Any one have plans for a homemade elctric wire embedder?

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qa33010:
latebee,

     Here is where I got the diagram and the info on a homemade embedder; www.ag.uiuc.edu~vista/html_pubs ...click on beekeeping equipment and you should be set.

     You can also try just ag.uiuc.edu~vista and then click on pubs, then click agriculture, then click on beekeeping, and finally equipment.  I noticed that sometimes the whole address will throw me to Pluto.  Sorry!

Joseph Clemens:
Below is the link to the actual image of the plans mentioned in the above link:

http://www.ag.uiuc.edu/~vista/html_pubs/BEEKEEP/CHAPT2/2-18.gif

Robo:
That is the plans that is in the "Beekeeping in the Midwest" book (A very good book I might add, especially for the price, even if you aren't in the Midwest).  It can be difficult to navigate to, so I have pasted here.

Thanks QA.....





 Beeswax comb foundation, plain or wired, produces the strongest combs if it is installed in wired frames before it is given to a colony of bees. To be acceptable to the bees, the frame wires must be embedded in the wax of the foundation. The job of embedding can be done easily and quickly by using an electrical embedder and a special embedding board shown in the construction plan on the next page. The embedder heats the wire by briefly short-circuiting a 12-volt electrical current. The embedding board serves as a base on which to press the heated wires into the beeswax of the comb foundation.

The electrical embedder consists of a transformer, used to reduce house current to 12 volts, whose output wires are connected to copper contacts at either end of a 3/4-inch-square piece of wood. There is only one critical dimension in making such an embedder. The copper contacts must be spaced so that their centers are 6 inches apart for fulldepth (9-1/8-inch) frames and approximately 2 inches apart for shallow (61/4- and 5-3/8-inch) frames. These contacts are pressed against the end portions of the wire that cross one end bar at right angles to it (see detail in construction plan). All the wire in the frame is heated at once when electrical contact is made.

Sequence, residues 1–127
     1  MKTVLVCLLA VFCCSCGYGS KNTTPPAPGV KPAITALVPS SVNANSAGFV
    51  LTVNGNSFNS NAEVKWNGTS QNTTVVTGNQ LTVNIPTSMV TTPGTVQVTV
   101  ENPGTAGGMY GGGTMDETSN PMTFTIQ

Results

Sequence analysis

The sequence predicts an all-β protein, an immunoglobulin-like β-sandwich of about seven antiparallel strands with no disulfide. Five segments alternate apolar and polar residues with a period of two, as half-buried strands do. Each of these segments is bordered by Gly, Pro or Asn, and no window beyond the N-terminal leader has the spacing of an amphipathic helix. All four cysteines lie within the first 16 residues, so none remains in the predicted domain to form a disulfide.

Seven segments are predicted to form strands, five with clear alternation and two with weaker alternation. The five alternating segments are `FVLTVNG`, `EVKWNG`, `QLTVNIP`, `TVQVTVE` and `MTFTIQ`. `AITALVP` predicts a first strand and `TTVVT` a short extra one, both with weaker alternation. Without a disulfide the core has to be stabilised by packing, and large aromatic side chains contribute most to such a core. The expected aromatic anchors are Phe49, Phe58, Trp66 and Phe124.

The embedding board is a piece of 3/4-inch-thick lumber cut to fit closely within the frames being used. It should be approximately 7-5/8 X 16-5/8 inches for full-depth frames, narrower for shallow frames. In order for the wires to make the best possible contact with the wax, the embedding board should have a convex curve on the longer dimension of its tipper surface. From its 3/4- inch thickness in the center, the board should taper to 1/2 inch at its outer ends. The cleats beneath the board provide needed additional height.

Place the frame on the embedding board with the comb foundation (already attached) beneath the wires. While pressing on the frame, contact the wires on the end bar with the embedder. Hold it in contact only briefly, a second or two at first, until you learn how much heat is needed to sink the wires into the foundation. Too long a contact will produce heat enough to cut plain foundation into strips or to melt wax away from the intersection of vertical and horizontal wires. Before embedding foundation, be sure it is warm, at least at room temperature. Afterwards, do not subject it to cold temperatures because the contraction and later expansion of the wax may cause the foundation to pull away from the wires.

qa33010:
Quote from: Joseph Clemens

Below is the link to the actual image of the plans mentioned in the above link:

http://www.ag.uiuc.edu/~vista/html_pubs/BEEKEEP/CHAPT2/2-18.gif




     Thanks!!!  I can't seem to get it right.

qa33010:
Quote from: Joseph Clemens

Below is the link to the actual image of the plans mentioned in the above link:

http://www.ag.uiuc.edu/~vista/html_pubs/BEEKEEP/CHAPT2/2-18.gif




     Thanks!!!  I can't seem to get it right.

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